7 December 2014

CBSE NCERT Solution : From Gathering to Growing Food

CBSE NCERT Class VI (6th) | History Social Studies (Our Pasts-1) Unit Lesson : 3  

From Gathering to Growing Food 

Towards a Settled Life : Chapter Summary

Increase in Earth’s temperature melted the ice sheets making the climate warm and favorable for growing grass and other plants. This realization by man started the activity of agriculture and grass-eating animals and he developed from a nomadic to being a farmer and herder.

With agricultural activities developing, man stayed in one area for long time. Houses were built according to the climatic conditions like heat, rain, wind and cold. The early man settled down in groups with 2-3 generations living in each family and together these families formed a tribe.

Each tribe had its own unique traditions, language and music and every member in the tribe played a specific role. The historians have studied various archaeological sites to gather information on the early man.

CBSE NCERT Solved Question Answer

Q1. Why the dog was perhaps the first animal to be tamed? Following could be the possible reasons:

1. Dogs could help the ancient people in hunting.

2. Dogs provided security and safety to humans and their food from wild animals.
3. Dogs were relatively gentle as compared to other wild animals.

Q2. Define ‘domestication’?
It is the process in which people grow plants and look after animals.

Q3. Why do people who grow crops have to stay in the same place for a long time? 
When people began growing plants, it meant that they had to stay in the same place for a long time looking after the plants, watering, weeding, driving away animals and birds- till the grain ripened and then the gain had to be used carefully.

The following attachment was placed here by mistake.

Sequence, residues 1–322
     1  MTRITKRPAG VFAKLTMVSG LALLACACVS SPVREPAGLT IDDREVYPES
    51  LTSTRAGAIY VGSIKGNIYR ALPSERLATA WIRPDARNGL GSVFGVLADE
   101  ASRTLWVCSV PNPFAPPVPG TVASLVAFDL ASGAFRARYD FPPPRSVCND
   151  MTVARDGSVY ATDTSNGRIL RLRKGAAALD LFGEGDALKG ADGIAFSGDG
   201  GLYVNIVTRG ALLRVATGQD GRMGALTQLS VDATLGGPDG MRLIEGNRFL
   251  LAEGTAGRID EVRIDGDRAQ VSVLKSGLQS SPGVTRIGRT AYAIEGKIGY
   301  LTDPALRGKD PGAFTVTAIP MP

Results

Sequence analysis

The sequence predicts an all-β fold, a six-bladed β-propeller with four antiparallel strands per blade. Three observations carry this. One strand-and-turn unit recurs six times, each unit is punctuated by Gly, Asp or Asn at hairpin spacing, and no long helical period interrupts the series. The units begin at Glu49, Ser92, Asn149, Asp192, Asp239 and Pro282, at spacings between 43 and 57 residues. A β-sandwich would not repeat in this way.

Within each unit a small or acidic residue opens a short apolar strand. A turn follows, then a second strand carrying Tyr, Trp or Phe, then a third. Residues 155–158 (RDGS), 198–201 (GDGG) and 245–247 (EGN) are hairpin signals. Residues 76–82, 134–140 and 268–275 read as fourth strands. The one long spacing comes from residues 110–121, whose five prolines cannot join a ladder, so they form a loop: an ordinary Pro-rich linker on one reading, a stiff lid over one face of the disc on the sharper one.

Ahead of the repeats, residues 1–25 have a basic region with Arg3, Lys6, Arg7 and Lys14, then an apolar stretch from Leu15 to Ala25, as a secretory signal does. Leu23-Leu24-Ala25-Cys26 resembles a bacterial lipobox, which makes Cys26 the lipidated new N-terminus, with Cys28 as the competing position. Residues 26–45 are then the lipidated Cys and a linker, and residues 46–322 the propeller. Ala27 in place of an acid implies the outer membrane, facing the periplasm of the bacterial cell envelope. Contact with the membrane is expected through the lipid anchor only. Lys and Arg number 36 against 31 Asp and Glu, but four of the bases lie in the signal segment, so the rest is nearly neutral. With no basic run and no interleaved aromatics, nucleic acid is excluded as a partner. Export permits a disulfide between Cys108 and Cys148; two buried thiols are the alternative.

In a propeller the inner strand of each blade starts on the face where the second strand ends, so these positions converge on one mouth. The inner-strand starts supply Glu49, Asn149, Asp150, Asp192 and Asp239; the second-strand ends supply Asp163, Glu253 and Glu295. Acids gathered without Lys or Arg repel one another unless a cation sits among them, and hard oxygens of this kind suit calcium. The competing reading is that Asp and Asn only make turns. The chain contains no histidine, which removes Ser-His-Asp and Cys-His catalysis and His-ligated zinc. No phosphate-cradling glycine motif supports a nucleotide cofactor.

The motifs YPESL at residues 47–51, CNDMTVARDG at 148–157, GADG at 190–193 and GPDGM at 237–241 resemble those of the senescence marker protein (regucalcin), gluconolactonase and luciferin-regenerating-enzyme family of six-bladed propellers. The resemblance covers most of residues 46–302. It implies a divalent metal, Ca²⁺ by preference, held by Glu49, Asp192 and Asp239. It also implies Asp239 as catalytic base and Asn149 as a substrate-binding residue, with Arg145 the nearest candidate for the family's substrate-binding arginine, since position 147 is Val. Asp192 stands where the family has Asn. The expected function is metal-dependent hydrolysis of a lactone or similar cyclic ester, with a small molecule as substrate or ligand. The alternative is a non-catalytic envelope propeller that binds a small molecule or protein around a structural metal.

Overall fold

Q4. What are the main differences we find in Neolithic and Paleolithic tools?
In Neolithic age (new stone age-8000 to 4000BC), man progressed further and his tools were better than the tools used in Paleolithic age (old stone age- 50000 to 10000 BC).
1.  Neolithic tools were polished to give a fine cutting edge.
2.  Mortars and pestles used for grinding grain and other plant produce.
3.  Axes, sickles, spears, bows and arrows were used in Neolithic age.

Q6. List where Neolithic sites were found in India?
Neolithic sites were found in Mehrgarh (now in Pakistan), Burzahom
(Jammu and Kashmir region), Chirand (Bihar), Daojali Hading (near Brahmaputra valley).

CBSE NCERT Class VI (6th) | History Social Studies (Our Pasts-1) Unit Lesson : 3  From Gathering to Growing Food, Towards a Settled Life , CBSE NCERT Solved Question Answer, CBSE NCERT Solution, From Gathering to Growing Food, Towards a Settled Life : Chapter Summary.Q7. How was the life of the people who lived during Neolithic age different from those who lived in Paleolithic age?
By the time man entered Neolithic age, he left his nomadic life. Earlier he was hunter and food gatherer. During Neolithic age he started agriculture and herding.

Q8. Name the earliest domesticated animals?
Sheep and Goat were the earliest domesticated animals.

Q9. Name the earliest plants to be grown?
Earliest plants to be grown were Wheat and Barley.

Q10. List three important developments that occurred in Neolithic age? The three important developments of Neolithic age were as follows: